One of the main news stories of 2002 was China’s economic rise within Asia. With Japan’s continuing malaise, and other Asian countries still working their way out of the 1997 crisis, China served as the economic engine of the region.
By March, 2003, growing concern over the new disease, severe acute respiratory syndrome (SARS), began to dampen expectations for China. By the end of April, many business, travel and study plans had been put on hold. In May most, if not all, conferences and summer foreign study programs in China had been cancelled. Within China, foreign and domestic companies restricted visitors and employee travel, hotels checked the temperature of those entering, and local governments set up required border health checks of travelers with possible quarantine. Reportedly traffic in Beijing was only one-third of normal times, and the bustling shopping and restaurant scene all but died. Schools and universities were closed. Internationally, the crisis halted adoptions, delayed shipments of goods for the holidays, and forced many companies to use video conferencing instead of personal contacts (The New York Times, 1 May 2003, p.A10).
By July, China’s economy was reportedly booming again. Industrial output reportedly increased nearly 17% in June over the year before, and that was over 3% faster than in May (The Wall Street Journal, 10 July 2003). Exports surged 32% over the year before, and imports increased 40%. In addition, the World Health Organization (WHO) lifted its travel advisory for Beijing, one of the hardest hit places on the mainland, at the end of June.
The success at containing the disease and the rapid economic recovery far exceeds what most analysts predicted just a short while ago. This is good news indeed. In other ways, however, the effects of SARS on life and the economy in China will probably be more long lasting.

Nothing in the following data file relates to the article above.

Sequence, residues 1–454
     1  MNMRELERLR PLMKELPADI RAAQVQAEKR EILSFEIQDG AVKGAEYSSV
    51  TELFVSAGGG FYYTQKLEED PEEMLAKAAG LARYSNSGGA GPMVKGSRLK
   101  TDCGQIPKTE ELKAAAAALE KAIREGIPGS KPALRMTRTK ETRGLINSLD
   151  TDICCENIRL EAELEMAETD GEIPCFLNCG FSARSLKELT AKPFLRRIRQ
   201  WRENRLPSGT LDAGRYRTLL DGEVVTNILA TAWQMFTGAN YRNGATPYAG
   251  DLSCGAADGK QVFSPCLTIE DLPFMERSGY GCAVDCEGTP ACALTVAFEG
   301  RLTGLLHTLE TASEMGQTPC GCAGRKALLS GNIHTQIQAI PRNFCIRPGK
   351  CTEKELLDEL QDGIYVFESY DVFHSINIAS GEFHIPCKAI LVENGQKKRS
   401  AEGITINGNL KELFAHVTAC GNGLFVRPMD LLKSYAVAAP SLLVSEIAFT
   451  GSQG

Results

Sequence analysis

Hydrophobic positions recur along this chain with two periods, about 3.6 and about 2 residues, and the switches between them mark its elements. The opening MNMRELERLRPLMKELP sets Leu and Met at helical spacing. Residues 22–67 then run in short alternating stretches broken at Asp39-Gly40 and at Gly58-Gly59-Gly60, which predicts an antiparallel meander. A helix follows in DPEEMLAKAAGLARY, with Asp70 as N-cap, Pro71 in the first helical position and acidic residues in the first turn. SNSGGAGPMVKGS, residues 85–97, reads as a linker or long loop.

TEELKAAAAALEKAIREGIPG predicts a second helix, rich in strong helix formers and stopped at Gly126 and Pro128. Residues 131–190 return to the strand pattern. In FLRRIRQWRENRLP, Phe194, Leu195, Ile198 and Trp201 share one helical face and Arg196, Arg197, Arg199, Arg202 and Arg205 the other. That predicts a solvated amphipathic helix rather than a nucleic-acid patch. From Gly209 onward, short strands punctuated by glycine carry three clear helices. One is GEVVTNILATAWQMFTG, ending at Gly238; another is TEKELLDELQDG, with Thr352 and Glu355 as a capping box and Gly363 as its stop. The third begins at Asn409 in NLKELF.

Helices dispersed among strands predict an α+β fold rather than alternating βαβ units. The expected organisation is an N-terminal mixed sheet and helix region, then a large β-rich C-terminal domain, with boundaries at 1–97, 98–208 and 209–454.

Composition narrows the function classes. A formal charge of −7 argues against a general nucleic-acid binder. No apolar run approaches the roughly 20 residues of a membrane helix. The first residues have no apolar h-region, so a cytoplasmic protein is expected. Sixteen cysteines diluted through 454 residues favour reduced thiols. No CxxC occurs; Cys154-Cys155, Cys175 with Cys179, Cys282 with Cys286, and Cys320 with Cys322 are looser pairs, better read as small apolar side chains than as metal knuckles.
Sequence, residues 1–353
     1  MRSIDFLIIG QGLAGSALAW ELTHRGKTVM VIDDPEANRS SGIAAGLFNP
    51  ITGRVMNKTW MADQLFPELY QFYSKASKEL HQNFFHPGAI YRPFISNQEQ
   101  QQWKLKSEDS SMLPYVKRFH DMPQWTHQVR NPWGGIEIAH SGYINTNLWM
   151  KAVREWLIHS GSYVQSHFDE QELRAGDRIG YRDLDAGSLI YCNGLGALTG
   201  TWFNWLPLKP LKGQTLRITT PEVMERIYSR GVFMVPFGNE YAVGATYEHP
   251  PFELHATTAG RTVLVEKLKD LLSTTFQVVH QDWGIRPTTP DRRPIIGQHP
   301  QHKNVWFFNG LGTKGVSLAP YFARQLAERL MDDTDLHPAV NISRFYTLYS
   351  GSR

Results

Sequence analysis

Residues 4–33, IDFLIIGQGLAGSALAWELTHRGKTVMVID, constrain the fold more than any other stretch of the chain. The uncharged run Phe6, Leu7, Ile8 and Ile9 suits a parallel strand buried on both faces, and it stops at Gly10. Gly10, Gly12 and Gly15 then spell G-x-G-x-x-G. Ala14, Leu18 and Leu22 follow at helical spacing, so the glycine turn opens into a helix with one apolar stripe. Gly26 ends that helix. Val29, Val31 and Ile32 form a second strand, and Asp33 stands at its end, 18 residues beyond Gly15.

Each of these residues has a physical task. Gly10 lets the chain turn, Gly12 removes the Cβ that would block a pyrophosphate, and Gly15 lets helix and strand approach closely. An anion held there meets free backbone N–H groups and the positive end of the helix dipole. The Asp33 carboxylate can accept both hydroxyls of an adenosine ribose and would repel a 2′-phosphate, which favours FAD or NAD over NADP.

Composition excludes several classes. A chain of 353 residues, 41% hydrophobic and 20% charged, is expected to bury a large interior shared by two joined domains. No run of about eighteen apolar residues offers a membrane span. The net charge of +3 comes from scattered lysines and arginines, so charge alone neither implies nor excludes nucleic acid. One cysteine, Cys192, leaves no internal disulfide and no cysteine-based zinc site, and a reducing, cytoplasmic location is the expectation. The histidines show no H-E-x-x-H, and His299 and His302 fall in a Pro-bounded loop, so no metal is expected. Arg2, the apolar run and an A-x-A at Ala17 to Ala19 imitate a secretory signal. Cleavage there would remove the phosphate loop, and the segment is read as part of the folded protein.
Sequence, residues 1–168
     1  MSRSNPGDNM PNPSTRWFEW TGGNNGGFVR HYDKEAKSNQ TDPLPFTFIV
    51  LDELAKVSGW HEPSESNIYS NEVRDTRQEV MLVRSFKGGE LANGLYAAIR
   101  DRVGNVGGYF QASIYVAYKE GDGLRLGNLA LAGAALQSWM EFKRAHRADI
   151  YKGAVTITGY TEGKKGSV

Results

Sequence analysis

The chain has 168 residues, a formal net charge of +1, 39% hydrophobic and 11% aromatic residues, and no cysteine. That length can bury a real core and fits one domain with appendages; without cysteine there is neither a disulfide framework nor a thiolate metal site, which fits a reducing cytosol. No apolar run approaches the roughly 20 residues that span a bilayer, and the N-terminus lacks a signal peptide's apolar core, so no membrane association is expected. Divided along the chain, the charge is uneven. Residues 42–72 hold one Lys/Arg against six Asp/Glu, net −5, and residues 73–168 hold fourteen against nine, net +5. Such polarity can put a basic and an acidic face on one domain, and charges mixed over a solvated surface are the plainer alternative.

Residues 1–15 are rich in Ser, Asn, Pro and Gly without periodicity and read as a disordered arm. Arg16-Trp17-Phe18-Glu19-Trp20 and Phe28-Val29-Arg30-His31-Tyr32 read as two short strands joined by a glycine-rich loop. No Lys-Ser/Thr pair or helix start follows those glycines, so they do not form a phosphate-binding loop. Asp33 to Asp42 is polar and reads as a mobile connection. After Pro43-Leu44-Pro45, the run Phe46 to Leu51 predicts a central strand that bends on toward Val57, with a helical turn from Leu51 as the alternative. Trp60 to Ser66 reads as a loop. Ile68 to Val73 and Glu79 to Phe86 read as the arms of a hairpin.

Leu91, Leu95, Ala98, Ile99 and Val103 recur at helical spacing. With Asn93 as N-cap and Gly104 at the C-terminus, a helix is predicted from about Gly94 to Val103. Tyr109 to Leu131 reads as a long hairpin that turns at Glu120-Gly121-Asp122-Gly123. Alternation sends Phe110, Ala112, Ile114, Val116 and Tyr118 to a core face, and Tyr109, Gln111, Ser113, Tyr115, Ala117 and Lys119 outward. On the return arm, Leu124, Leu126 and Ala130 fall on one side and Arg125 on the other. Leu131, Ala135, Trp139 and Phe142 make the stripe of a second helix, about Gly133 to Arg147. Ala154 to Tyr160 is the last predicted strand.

To begin with, health experts suggest that SARS is probably seasonal, so that next fall another round of SARS is likely. The most recent crisis raised awareness of the inadequacies of China’s healthcare and prevention system. This situation makes fear of the disease more intense, as the quality of one’s care is dubious if infected. This is true for both Chinese citizens and visiting foreigners. While the focus on healthcare may help increase government resources allocated to medical care and public health, the size and complexity of the problems will mean a long process of improvement.
Industrial and agricultural production were less affected by the crisis, while services, and particularly tourism, were devastated. Domestically, restaurants and entertainment may see a reasonable rebound, but those relying on foreign guests will be hurt for a good while to come. Since services is one area that is needed to absorb the many people under employed in the rural areas and in over staffed state owned enterprises, the effect of the SARS crisis is a serious setback.
Less measurable, but no less important, is how people view China’s progress as a result of the crisis. Clearly the cover-up in Beijing by city and health officials has not inspired confidence of Chinese citizens. Ironically, just before the crisis broke, many people in Beijing expressed a new sense of freedom of expression and access to information. After being miss-led, confidence turned to near panic. The benefits of economic growth suddenly seemed irrelevant and fragile if children could not go to school and people were afraid to shop.
Chinese officials hiding information also exacerbated Hong Kong’s situation. It became known later that some in southern China knew about this new virus as early as November, 2002, but they did not seek help or share the information in other ways. The disease quickly spread south to Hong Kong, and to other parts of the world, along international travel routes. Hong Kong was one of the places particularly hard hit by the crisis. Now citizens of Hong Kong are especially wary of changing its laws to suit the People’s Republic, and are seriously protesting proposed sedition laws. An otherwise relatively smooth reversion to Mainland sovereignty since July 1st, 1997, has become problematic.
So the SARS crisis in China has abated, and many are relieved to see the economy recover to grow at perhaps 8% this year. But the underlying fabric of confidence and optimism has been shaken. This experience could prompt social and political reforms; the other possibility of growing skepticism and mistrust would be very harmful to China’s continued progress.